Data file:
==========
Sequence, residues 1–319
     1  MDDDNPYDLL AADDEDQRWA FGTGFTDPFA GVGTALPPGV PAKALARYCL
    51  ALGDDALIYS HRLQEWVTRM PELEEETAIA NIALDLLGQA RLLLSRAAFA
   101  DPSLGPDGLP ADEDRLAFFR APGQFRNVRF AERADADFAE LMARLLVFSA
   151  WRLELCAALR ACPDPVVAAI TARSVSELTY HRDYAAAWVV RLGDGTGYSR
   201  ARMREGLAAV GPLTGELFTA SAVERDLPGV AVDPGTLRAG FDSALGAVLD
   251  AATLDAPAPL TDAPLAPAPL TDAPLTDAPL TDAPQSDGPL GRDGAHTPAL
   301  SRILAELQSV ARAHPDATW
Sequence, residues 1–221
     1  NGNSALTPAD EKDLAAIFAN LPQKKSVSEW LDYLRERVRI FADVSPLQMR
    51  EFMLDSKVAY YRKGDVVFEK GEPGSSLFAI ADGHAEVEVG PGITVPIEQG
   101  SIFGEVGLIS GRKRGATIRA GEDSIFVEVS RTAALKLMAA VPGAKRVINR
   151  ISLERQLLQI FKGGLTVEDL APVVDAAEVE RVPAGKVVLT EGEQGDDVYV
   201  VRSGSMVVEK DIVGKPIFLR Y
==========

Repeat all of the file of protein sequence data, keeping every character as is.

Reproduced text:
Sequence, residues 1–319
     1  MDDDNPYDLL AADDEDQRWA FGTGFTDPFA GVGTALPPGV PAKALARYCL
    51  ALGDDALIYS HRLQEWVTRM PELEEETAIA NIALDLLGQA RLLLSRAAFA
   101  DPSLGPDGLP ADEDRLAFFR APGQFRNVRF AERADADFAE LMARLLVFSA
   151  WRLELCAALR ACPDPVVAAI TARSVSELTY HRDYAAAWVV RLGDGTGYSR
   201  ARMREGLAAV GPLTGELFTA SAVERDLPGV AVDPGTLRAG FDSALGAVLD
   251  AATLDAPAPL TDAPLAPAPL TDAPLTDAPL TDAPQSDGPL GRDGAHTPAL
   301  SRILAELQSV ARAHPDATW
Sequence, residues 1–221
     1  NGNSALTPAD EKDLAAIFAN LPQKKSVSEW LDYLRERVRI FADVSPLQMR
    51  EFMLDSKVAY YRKGDVVFEK GEPGSSLFAI ADGHAEVEVG PGITVPIEQG
   101  SIFGEVGLIS GRKRGATIRA GEDSIFVEVS RTAALKLMAA VPGAKRVINR
   151  ISLERQLLQI FKGGLTVEDL APVVDAAEVE RVPAGKVVLT EGEQGDDVYV
   201  VRSGSMVVEK DIVGKPIFLR Y